Apologies in advance to those who cannot reach that article - it is most likely for subscribers only. Here are some of the key paragraphs.
Reservists' gripes filtered out even before the fighting ended. They complained of inadequate training and a shortage of basic equipment, and said on some days they were forced to fight without food and water. Troops were kept idle for weeks and then sent into Lebanon only two days before the United Nations-brokered cease-fire went into effect. Intelligence, especially on Hezbollah's elaborate system of tunnels and bunkers, was inadequate or out of date. Some soldiers complained they were exposed to unnecessary danger by being sent on daytime missions that should only have been carried out under cover of darkness.Sounds like a very sloppy campaign. Here's the more worrisome part for me.
...the focus of military strategy began to shift away from traditional ground forces toward fighting high-tech wars...Technology only goes so far. In the end, your orders are still carried out by soldiers at the front. It's not a video game.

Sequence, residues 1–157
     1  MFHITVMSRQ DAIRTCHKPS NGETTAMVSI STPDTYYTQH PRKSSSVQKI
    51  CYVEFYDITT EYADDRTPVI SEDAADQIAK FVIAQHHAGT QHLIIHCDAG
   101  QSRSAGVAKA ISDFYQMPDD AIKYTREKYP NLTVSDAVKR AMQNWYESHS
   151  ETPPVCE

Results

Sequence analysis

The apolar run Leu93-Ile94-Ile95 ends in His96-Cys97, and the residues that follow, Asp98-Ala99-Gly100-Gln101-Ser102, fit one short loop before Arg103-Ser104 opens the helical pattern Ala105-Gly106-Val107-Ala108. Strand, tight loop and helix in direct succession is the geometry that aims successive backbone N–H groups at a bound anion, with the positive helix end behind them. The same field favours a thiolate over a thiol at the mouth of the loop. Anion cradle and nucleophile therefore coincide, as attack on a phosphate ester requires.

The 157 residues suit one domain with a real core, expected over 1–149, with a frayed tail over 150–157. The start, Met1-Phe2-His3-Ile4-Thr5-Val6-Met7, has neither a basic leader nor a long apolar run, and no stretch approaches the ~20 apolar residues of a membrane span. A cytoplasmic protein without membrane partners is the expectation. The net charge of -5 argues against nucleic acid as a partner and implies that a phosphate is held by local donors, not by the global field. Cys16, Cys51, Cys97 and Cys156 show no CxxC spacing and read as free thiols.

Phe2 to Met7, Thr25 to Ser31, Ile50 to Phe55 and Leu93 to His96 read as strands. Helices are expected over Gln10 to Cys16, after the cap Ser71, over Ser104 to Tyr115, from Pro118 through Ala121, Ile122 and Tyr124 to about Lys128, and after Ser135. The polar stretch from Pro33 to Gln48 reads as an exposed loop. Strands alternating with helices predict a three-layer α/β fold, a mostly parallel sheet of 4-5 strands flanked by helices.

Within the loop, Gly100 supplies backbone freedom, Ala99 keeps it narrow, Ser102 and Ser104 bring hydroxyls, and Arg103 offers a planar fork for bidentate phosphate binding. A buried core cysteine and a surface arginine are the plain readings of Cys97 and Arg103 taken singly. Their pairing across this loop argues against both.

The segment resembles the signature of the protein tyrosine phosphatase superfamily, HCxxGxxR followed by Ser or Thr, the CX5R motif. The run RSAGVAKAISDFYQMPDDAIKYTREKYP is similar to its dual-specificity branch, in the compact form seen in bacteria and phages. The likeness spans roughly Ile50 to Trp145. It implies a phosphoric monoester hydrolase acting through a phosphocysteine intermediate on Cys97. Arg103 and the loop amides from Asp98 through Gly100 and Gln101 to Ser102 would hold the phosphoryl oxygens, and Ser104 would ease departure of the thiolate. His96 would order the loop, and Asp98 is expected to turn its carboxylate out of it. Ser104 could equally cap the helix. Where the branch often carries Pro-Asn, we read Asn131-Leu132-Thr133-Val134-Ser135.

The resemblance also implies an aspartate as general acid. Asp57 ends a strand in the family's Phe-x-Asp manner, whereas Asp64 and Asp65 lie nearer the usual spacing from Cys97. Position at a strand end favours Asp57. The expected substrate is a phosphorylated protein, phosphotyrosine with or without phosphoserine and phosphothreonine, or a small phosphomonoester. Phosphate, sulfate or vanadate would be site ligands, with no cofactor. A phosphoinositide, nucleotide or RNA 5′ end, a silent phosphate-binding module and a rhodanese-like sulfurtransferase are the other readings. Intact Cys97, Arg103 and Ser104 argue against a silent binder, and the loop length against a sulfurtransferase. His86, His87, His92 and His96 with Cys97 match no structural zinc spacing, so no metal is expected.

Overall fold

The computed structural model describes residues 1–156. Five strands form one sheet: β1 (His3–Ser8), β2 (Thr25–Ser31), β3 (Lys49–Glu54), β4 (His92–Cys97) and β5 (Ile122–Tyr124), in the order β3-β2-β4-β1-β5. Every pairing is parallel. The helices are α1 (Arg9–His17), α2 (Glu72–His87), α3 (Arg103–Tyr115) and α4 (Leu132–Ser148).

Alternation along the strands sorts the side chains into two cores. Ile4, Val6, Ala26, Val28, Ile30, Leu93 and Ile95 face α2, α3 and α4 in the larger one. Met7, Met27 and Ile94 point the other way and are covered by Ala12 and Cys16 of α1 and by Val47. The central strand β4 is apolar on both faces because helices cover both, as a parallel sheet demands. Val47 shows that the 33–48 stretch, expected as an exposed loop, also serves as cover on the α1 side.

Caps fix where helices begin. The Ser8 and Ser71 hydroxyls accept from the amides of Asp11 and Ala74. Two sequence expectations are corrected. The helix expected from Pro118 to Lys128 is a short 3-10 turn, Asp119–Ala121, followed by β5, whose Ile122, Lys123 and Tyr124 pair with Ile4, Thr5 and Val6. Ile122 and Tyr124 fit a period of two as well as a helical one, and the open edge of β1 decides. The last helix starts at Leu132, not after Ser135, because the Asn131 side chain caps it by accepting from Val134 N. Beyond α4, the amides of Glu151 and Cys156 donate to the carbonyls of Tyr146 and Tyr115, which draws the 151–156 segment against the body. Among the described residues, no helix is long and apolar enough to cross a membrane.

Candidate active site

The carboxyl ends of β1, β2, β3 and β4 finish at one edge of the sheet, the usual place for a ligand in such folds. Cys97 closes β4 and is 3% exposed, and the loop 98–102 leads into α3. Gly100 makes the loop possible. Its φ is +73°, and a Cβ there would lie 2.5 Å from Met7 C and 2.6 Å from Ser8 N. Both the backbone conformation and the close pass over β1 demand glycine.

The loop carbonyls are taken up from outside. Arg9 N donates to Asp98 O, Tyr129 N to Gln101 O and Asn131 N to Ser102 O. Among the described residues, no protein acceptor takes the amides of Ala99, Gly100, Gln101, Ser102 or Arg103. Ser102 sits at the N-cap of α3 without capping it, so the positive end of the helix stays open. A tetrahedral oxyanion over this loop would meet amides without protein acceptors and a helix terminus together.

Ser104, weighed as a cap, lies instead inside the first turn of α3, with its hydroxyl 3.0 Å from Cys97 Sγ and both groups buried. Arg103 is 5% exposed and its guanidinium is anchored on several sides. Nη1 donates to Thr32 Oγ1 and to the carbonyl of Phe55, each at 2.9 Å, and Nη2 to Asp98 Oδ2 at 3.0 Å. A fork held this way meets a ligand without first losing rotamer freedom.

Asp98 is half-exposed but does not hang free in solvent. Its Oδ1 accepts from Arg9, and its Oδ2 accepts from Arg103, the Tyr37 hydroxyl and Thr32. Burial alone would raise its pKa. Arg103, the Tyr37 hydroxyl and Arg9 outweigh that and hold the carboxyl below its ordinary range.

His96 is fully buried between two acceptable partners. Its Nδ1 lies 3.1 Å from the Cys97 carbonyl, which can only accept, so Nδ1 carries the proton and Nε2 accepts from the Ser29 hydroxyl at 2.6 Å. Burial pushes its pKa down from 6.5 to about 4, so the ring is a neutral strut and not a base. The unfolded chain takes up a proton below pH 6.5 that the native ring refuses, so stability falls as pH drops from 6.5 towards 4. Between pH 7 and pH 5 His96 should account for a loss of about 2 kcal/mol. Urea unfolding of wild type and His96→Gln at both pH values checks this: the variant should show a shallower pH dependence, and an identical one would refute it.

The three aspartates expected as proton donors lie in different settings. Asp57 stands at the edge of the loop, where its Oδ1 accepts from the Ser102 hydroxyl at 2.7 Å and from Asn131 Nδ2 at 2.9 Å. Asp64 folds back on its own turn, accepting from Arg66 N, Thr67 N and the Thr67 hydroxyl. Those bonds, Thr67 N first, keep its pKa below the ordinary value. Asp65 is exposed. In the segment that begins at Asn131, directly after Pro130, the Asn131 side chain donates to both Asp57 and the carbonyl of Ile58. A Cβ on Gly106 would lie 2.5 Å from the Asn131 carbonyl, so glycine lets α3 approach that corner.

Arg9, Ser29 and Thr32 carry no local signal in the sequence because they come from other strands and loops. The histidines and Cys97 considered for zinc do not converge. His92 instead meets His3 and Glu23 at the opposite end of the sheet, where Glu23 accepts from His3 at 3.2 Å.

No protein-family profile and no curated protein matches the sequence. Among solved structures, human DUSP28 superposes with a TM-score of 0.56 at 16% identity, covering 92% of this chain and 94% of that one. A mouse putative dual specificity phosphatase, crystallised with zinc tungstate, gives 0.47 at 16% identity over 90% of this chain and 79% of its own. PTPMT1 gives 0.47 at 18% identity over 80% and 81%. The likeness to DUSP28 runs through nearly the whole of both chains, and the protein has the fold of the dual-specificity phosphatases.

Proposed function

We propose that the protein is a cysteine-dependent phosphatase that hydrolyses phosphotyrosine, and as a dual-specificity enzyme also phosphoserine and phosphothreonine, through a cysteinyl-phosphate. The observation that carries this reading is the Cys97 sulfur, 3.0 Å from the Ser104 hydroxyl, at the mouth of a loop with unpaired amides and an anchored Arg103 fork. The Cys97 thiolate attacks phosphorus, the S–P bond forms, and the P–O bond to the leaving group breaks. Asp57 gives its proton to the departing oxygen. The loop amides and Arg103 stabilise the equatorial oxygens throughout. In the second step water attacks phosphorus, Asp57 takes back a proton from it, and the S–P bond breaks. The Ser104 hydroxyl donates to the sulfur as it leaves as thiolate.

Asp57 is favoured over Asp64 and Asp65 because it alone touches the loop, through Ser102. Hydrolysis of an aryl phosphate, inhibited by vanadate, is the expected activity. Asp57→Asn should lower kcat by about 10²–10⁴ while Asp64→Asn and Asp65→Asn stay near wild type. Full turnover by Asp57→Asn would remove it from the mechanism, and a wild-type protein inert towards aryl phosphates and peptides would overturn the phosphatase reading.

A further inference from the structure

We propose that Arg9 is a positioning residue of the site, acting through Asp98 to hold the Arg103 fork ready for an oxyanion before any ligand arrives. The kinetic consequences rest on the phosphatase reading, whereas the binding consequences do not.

In southern Lebanon, the new approach was exposed as flawed. Instead of launching a ground offensive at the start, Israel waged a high-tech air war that failed to destroy Hezbollah's short-range rockets. Meanwhile, its infantry came under fierce attack on the ground from Hezbollah fighters armed with state-of-the-art antitank guided missiles.
Lt. Adam Kima, a reservist who fought this month in Lebanon, blames the technological advances reshaping the army for some of the failures of the war. "The generals sit in a room surrounded by plasma screens and move troops around on a map," he said. "That's why the orders were often so unclear."